The Catholic Bishops’ Conference of India welcomed the suggestion put forth by a group of education secretaries on compulsory English education in all secondary schools saying it was “a step in the right direction.” In a statement released on Sunday, the CBCI said, “This is a step in the right direction as it will promote inclusiveness and extend international quality and competence to the students who otherwise would lose out in the highly competitive higher education and the job market.” The Catholic Church in India is the second-biggest provider of educational facilities in the country.
The Indian Express had reported that on Friday, the Group on Education & Social Development pushed for promotion of English and Science, saying English should be made “a compulsory subject in all schools from class 6th onwards” and “at least one English medium school (be set up) in every block along with Science education facility in a radius of 5 kms”. In their recommendation to PM Modi, a 12-member Group of Secretaries on education said that English should be taught it all secondary schools starting April this year and there should be “at least” one government-run English-medium school in each of the 6,612 blocks in the country.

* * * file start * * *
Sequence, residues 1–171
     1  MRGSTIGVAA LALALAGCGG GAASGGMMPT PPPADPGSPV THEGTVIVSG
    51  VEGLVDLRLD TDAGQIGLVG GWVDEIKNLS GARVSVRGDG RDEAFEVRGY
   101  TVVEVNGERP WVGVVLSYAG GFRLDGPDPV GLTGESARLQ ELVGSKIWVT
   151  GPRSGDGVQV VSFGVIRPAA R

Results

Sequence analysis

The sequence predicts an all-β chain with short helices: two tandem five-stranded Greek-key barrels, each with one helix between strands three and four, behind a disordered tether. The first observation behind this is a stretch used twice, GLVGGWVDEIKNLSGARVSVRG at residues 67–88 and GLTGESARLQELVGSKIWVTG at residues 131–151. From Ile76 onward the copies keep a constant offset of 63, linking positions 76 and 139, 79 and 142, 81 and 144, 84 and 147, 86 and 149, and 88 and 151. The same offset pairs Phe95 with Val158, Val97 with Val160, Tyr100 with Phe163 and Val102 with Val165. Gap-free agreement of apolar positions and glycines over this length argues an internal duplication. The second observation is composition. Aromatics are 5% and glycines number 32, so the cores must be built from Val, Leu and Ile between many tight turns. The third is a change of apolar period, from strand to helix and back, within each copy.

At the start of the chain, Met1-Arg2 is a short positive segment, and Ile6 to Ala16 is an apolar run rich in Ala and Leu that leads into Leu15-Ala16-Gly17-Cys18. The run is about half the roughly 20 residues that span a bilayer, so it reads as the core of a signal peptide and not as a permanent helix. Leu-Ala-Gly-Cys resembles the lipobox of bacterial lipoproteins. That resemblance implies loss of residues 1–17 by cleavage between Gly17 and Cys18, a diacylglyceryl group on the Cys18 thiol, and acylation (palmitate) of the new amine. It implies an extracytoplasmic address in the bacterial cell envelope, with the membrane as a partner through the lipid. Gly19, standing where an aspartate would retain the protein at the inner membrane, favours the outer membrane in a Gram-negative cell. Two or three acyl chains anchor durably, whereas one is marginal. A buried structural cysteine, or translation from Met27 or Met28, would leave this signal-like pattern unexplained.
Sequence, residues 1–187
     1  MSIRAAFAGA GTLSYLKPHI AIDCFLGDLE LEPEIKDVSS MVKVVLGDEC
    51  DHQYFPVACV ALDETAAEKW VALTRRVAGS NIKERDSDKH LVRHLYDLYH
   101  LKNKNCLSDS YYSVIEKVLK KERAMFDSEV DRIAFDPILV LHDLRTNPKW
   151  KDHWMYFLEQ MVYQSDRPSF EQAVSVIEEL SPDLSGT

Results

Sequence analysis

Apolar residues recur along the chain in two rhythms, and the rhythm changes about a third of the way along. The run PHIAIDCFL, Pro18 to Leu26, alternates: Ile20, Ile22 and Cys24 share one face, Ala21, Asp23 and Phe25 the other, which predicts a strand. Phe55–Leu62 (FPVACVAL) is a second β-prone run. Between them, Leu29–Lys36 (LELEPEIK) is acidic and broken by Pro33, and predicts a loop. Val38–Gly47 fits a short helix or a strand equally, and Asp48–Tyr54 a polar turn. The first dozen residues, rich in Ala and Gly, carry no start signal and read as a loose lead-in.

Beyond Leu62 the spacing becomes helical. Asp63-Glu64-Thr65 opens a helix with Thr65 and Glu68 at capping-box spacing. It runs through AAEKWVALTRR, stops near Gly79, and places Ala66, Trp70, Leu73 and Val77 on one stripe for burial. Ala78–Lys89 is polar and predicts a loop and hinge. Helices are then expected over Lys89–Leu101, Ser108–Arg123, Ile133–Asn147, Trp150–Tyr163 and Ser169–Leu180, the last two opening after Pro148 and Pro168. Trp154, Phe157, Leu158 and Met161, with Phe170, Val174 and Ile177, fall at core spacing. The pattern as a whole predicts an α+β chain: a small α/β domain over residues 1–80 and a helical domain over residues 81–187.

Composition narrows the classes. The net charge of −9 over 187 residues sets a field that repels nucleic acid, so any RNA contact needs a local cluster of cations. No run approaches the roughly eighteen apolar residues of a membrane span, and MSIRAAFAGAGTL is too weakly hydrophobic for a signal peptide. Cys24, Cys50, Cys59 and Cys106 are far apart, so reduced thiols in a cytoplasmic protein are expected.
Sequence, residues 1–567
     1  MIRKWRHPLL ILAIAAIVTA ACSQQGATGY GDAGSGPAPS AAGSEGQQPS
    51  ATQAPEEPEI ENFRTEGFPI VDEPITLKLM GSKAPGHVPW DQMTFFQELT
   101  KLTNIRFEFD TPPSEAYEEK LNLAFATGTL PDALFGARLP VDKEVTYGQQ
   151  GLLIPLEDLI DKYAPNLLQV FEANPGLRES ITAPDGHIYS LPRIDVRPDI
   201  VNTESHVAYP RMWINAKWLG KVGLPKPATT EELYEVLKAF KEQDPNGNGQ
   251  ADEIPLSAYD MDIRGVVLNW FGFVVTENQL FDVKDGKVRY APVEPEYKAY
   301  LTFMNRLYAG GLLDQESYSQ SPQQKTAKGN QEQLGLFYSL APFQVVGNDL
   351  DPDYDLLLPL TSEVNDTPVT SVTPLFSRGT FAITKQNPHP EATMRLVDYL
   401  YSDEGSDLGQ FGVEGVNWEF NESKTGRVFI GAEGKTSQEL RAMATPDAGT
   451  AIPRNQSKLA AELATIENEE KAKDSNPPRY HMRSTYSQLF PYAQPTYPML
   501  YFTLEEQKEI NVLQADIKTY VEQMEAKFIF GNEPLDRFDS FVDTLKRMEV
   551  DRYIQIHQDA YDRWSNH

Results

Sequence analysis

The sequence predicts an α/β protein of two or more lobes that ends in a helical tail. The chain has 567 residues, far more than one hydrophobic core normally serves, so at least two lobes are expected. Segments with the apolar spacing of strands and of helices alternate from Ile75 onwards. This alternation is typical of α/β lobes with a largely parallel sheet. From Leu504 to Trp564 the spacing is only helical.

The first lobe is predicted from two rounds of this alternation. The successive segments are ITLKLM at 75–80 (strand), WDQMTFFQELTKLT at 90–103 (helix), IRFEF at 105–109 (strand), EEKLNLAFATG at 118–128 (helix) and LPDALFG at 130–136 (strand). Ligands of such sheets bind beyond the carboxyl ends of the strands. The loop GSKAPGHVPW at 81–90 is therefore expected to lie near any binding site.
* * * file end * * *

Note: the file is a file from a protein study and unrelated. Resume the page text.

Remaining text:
Watch what else is making news
The CBCI noted that “since we are living in times when Europe and East Asia are accepting the global relevance of English as a language, it would be ‘sad’, if we denied the same opportunity to the children of the country”. They also reaffirmed that the move would not “undermine the quality of regional language in primary education.”
Along with agreeing on the suggestion that the country’s participation in the Programme for International Student Assessment (PISA) would improve learning outcomes, the CBCI Education Office also approved of the advice made by the Secretaries’ Group on reintroduction of the detention policy. “We also welcome the suggestions of the Secretaries’ Group to reintroduce detention policy after class 5 in the secondary school. Needless to say, any detention should take place only after weaker student have been provided all the necessary help,” the statement said.
The CBCI, however, raised objections to the “standardisation of post-school national examinations” saying that it might overlook the “rights of minorities, the autonomy of institutions and needs of students from diverse backgrounds.”